"Your assumption is that men will voluntarily leave their jobs and "force" their wives back to work so they can stay home..."

Just like your assumption is that men won't do this. Unfortunately over the last decade or so I've seen that we cannot ASSUME anything in these situations anymore.

Like the very naive assumption that a stay-at-home mother usually gets custody of her children. It sounds logical, most people would agree with it off-hand, but again, it would be a very dangerous assumption since it happens NOT to be true. Actually most non-custodial mothers appear to be formerly stay-at-home moms...not these high powered career women who work 12 hours every day including Saturday...those sort of savvy women can usually finagle the system with an expensive attorney and win their cases with no help from anyone.

So assumption in these areas can be dangerous...

"I have two friends. They just had their first child. The man in the relationship is the primary bread-winner. However, the wife is not anxious to spend an entire year at home. She has a career she enjoys and finds fulfilling and wants to go back to work. However, since her husband cannot get extended paid leave, their choice is to have the child watched by a stranger or to have her stay home past when she would like to. This British proposal would allow her to do something she actually wants to do but cannot under the current system."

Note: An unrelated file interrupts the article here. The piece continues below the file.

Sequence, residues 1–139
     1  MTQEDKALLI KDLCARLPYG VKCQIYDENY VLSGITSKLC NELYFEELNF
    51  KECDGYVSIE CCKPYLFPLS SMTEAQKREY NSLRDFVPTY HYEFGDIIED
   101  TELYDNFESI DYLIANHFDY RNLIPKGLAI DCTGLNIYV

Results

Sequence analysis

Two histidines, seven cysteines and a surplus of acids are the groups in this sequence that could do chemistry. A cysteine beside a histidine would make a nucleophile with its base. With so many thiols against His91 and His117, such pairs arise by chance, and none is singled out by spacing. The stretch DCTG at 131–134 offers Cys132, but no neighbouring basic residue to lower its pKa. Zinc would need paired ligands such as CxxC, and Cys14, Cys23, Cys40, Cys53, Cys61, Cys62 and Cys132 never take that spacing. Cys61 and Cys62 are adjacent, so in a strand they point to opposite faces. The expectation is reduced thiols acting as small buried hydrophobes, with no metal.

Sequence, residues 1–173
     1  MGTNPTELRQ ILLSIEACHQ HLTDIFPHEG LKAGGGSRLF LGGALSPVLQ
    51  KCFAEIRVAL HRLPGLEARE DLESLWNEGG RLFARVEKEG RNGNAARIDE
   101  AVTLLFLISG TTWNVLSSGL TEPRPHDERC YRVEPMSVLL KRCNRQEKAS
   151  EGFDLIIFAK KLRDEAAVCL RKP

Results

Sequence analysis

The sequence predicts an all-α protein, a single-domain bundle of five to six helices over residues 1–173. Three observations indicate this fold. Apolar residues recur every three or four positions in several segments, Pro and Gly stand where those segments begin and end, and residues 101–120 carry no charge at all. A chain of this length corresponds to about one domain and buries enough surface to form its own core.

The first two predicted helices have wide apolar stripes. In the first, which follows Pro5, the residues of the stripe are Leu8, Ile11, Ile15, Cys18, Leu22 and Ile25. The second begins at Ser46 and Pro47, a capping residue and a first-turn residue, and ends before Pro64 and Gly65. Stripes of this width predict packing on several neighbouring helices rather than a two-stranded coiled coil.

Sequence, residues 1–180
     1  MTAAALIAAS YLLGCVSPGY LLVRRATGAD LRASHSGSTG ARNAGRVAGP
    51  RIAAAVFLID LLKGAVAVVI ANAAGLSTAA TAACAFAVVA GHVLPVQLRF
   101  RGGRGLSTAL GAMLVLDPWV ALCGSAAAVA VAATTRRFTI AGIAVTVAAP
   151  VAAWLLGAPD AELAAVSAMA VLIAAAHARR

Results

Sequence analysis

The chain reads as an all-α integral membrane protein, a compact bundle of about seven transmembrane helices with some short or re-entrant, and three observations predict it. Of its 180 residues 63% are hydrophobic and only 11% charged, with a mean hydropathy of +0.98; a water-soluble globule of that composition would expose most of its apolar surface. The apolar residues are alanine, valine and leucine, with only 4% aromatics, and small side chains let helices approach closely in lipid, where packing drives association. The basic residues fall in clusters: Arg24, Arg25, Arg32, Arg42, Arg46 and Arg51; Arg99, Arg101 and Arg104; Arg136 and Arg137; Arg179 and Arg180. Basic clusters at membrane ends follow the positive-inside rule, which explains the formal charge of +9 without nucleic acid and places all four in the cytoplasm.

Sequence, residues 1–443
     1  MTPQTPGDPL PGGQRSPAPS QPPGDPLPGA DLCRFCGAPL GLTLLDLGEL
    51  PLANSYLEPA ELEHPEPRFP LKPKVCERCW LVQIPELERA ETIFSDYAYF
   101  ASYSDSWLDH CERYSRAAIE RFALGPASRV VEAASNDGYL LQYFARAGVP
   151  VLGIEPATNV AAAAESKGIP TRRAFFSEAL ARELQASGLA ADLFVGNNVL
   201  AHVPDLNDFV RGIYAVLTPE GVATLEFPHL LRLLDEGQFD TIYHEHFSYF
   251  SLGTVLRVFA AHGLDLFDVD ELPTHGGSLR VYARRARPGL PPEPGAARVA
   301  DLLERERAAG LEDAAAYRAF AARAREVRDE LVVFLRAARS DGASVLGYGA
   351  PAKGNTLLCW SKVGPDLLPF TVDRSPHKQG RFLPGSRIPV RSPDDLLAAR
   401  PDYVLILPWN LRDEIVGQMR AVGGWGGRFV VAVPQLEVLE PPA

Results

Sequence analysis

First of all I have NOTHING whatsoever about ANY arrangement couples make between themselves...NONE...if she wants to work, he wants to stay home or reverse the equation or they both want to work and get a trained caregiving dog or a chimp to handle childcare, I DON'T CARE...

BUT when they attempt to make these private family arrangements official then I have a problem with it. As this British proposal would be disasterous for mothers as the law would not JUST apply to married couples once it's passed but never-married mothers as well...

So then we would have the scenario where a man who did NOTHING for this mother throughout the entire pregnancy (other then a brief recreational sperm donation) and maybe did nothing during the first six months of the child's life as well, (since it could take six months to track him down and even get a paternity acknowledgement and child support/visitation order in place) could then turn up and demand six months off to stay at home...thus forcing MOTHER back to work early.

AND if you think anybody is going to sign off on some layabout, probably dumping his kid off with his latest girlfriend or other female enabler relative, so he could hang around on the corner all day or lying on the couch watching TV, well you're sadly mistaken.


"See, that is the problem with this site. You have a combination of sanctimony and bias that makes you utterly unable to form reasonable positions.

Is there a single circumstance in life that you don't see as an attack on women? My guess is no."